Marvel's Kevin Feige, Jon Favreau Honored at 45th Saturn Awards

Jon Favreau

The mega-franchise took home many of the night's prizes, including all three honorary awards.

At the 45th annual Saturn Awards on Friday night, Marvel reigned supreme.

Marvel Studios president Kevin Feige took home the night’s top honor, the inaugural Stan Lee World Builder Award, for his creation of the Marvel Cinematic Universe, which spans 23 films over 11 years. Feige, who did not attend the ceremony but accepted via video message, credited Lee himself for the success of the franchise because he put "humanity and kindness" into every project.

Other Marvel veterans, including director Jon Favreau (The Lion King) and executive vp and head of Marvel Television Jeph Loeb, also received top prizes.

While the MCU is now smashing box-office records, Favreau — who kicked off the franchise with Iron Man in 2008 — said he remembers when superhero movies weren’t always considered cool.

"Now, we’re part of the mainstream, and horror, and superheroes, and sci-fi, that has become part of what keeps the film business going, but way back when I was growing up, there was a small group in the lunchroom that liked that kind of stuff," said Favreau, who received the Visionary Award.

Loeb, who received the Dan Curtis Legacy Award for bringing Marvel’s superhero stories to life on the small screen, credited his dad for instilling a passion for storytelling in him at a young age. He also shared a similar sentiment with many award recipients, praising the attendees and viewers for their dedication to genre stories.

"They say in this business, 'Don’t meet your heroes. You’ll find out they’re just mortals,'" said Loeb. "But I have met them, and they’re in this room, and they’re in my office and on my sets every day. And all of you are even greater than I ever imagined."

The Marvel mega-franchise earned several other wins, including best comic-to-motion picture release for Avengers: Endgame; best supporting actor for Josh Brolin in Avengers: Infinity War; best performance by a younger actor for Spider-Man: Far From Home star Tom Holland; and best supporting actress for Holland's co-star Zendaya.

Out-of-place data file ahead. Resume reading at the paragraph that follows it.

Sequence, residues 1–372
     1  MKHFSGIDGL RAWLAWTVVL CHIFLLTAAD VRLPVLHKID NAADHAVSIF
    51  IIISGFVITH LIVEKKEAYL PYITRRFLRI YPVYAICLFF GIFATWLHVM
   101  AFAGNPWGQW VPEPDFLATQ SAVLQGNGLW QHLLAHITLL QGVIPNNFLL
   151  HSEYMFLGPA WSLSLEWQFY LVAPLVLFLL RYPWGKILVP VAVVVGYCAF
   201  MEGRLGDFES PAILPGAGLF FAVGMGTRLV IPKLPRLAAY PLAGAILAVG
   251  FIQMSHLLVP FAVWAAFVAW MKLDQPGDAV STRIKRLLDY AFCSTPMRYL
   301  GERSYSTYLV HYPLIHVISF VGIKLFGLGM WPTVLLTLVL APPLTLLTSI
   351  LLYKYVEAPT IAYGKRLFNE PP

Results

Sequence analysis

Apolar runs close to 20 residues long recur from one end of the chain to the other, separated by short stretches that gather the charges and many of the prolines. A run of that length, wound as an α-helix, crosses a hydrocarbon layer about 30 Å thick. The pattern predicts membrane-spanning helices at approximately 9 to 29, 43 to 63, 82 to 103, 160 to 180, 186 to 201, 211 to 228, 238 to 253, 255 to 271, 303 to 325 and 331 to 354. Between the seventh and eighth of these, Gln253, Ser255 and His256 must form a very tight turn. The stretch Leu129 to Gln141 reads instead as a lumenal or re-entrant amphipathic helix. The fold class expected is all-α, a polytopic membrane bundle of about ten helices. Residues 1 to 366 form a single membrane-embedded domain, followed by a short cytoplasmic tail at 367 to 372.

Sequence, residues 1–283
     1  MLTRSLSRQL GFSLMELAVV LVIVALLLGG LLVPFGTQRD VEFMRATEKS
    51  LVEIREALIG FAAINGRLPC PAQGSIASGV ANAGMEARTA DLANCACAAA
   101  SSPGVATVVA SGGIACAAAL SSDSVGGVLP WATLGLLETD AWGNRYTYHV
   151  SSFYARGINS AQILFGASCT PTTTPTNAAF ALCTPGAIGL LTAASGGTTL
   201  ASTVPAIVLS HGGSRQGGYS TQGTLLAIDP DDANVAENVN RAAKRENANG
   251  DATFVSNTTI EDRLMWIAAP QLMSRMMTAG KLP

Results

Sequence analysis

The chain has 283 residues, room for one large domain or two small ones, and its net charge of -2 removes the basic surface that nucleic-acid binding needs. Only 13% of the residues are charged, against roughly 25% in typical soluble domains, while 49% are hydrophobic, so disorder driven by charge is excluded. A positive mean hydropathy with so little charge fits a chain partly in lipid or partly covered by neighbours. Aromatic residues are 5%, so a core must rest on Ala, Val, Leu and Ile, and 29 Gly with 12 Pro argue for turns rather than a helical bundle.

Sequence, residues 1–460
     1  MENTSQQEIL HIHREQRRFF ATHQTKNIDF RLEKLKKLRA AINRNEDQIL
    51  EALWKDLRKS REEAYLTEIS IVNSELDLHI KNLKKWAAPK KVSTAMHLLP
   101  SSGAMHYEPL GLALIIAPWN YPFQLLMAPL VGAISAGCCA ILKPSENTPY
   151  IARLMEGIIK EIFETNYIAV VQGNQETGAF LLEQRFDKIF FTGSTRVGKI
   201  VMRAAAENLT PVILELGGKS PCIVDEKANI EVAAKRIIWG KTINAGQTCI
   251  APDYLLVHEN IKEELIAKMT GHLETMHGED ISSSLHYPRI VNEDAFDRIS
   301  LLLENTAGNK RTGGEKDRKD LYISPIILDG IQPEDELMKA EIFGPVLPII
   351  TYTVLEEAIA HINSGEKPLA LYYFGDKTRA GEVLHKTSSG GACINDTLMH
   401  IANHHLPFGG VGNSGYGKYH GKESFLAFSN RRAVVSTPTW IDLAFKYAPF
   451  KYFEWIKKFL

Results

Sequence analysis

The ceremony, hosted by the Academy of Science Fiction, Fantasy, and Horror Films, was held at the Avalon Hollywood to celebrate the year’s best in genre film and television, especially those that often go unrecognized by traditional awards shows.

Though genre entertainment had a breakthrough moment last year in traditional awards landscapes — with recognition for films like Marvel’s Black Panther, Guillermo del Toro’s The Shape of Water and Jordan Peele’s Get Out — the Saturn Awards continue to celebrate these projects regardless of how they’re faring elsewhere.

Jamie Lee Curtis, who was tapped as best actress in a film for her reprisal of Laurie Strode in last year's Halloween, said she thinks genre films just attract a different audience than those who are voting for conventional awards shows.

"The main voting block for the mainstream awards and audiences are probably not the audiences that frequent genre movies," she told The Hollywood Reporter. "It’s a different kettle of fish, and I’m not sure those are the fish that vote."

The original "scream queen" was in her element as she giddily accepted her award and reminded the audience that, in addition to the ceremony being held on Friday the 13th, it was also a full moon — both of which received loud cheers.

"Whether I’m a fan of the genre or not is irrelevant, because the people who love it love it, and they love it with a vengeance and passion that is beautiful," Curtis said. "I am grateful for the creative life I have because of them."

On the television front, winning shows included The CW's Supergirl, HBO's Westworld and AMC's The Walking Dead.

Some of the biggest fans and names of genre entertainment filled the event with an energy that felt akin to a convention, rather than an awards ceremony. BB-8 roamed the red carpet, cosplayers posed for photos and the awards were interrupted by several panels debating topics like Black Mirror v. The Twilight Zone and Pennywise v. Freddy Kruger.

"We are a celebration of the greatest pop culture franchises and the greatest characters. At the heart of pop culture fandom is the love of character," Saturn Awards executive producer Justin Hochberg told THR, adding, "We love the characters, and we celebrate that."